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V for Vikrant

V for me is for Vikrant, the one time pride of the Indian Navy which has now been towed away to a scrap yard. INS Vikrant started life as the Royal Navy’s HMS Hercules and was launched in September 1945. She was sold to India in 1957 and formally joined the Indian Navy in 1961. She was then the pride of the Indian Navy. My maternal uncle was one amongst the many who served aboard her during her prime.

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U for U-boats

As a Second World War freak, for me U has to be for U-Boats, those menacing destroyers of Allied shipping which Hitler used so effectively in the first part of the war. Most historians agree that all through 1939 to 1942 the U-Boats were feared for their sudden attacks as Allied convoys ran the risk of running into packs of U-Boats in the Atlantic waters. It was only after 1943, when Allied bombing severely damaged U-boat pens in Europe and brought the production of U-Boats down from a flood to a stutter that things began to change. Convoys became safer at sea and Allied Navies grew as the strength of the German Kriegsmarine waned. The Battle of the Atlantic raged on and was finally won by the Allies but at great cost: the Allies lost 3,500 merchant ships and 175 warships were sunk for the loss of 783 U-boats.

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T for Tiger

I have always admired the tiger, from far and in pictures of course, so for me today T is for Tiger. Did you know that some decades ago, the tiger came perilously close to becoming extinct in India? In 1972 when Prime Minister Indira Gandhi started Project Tiger there were only about 230 tigers left in India. A sad commentary of affairs because at the turn of the 20th century, India was estimated to have some 100,000 tigers. Large scale hunting of them as a sport by the British who then ruled India and by the Indian royalty brought down their numbers rapidly.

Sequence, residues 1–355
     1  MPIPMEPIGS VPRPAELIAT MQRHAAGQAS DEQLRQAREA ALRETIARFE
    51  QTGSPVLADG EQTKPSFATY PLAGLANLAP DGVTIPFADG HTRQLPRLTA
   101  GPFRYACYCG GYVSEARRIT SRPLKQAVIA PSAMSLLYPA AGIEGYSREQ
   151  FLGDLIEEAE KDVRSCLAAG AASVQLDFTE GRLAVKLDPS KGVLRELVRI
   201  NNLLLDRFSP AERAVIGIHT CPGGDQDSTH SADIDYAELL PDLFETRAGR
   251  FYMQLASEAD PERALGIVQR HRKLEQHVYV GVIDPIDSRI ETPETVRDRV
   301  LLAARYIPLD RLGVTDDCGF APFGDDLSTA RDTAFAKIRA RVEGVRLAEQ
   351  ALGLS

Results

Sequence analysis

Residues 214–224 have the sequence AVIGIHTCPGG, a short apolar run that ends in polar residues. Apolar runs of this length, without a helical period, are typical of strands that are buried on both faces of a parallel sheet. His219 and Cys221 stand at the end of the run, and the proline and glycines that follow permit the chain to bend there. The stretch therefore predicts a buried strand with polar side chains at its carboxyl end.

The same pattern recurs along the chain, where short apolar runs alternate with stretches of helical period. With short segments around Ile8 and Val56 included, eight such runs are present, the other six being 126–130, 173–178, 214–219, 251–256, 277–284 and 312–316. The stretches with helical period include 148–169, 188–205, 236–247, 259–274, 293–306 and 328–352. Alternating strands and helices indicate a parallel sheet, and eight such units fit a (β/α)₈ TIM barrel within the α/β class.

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S for Simon and Garfunkel : #A to Z Challenge

Frankly, I don’t know too much about today’s popular singers. When I think back of the music and songs that I have loved, the names of Simon and Garfunkel come to my mind, so for me today S is for Simon and Garfunkel. To better appreciate their songs and music you must know something about those far away days in the ’60s. I think their story is so well described in their website.

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R for Royalty

I have always been fascinated by the Royalty so for me today R is for the Royalty. In the United Kingdom, I hear that there are mixed reactions to the Royalty. Some believe this ancient tradition should be carried on irrespective of the costs involved as they are a part of British heritage and culture. Others feel that today’s world has no need for the Royalty more so when they play largely ceremonial roles. As you know, in a parliamentary democracy, even the Queen has to abide by the advice of her Council of Ministers. This article in the BBC explains why the British seem to love their Monarchy.